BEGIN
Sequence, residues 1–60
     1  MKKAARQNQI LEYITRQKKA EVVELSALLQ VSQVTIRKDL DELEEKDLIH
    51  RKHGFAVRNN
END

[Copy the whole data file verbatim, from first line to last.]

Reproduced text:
Sequence, residues 1–60
     1  MKKAARQNQI LEYITRQKKA EVVELSALLQ VSQVTIRKDL DELEEKDLIH
    51  RKHGFAVRNN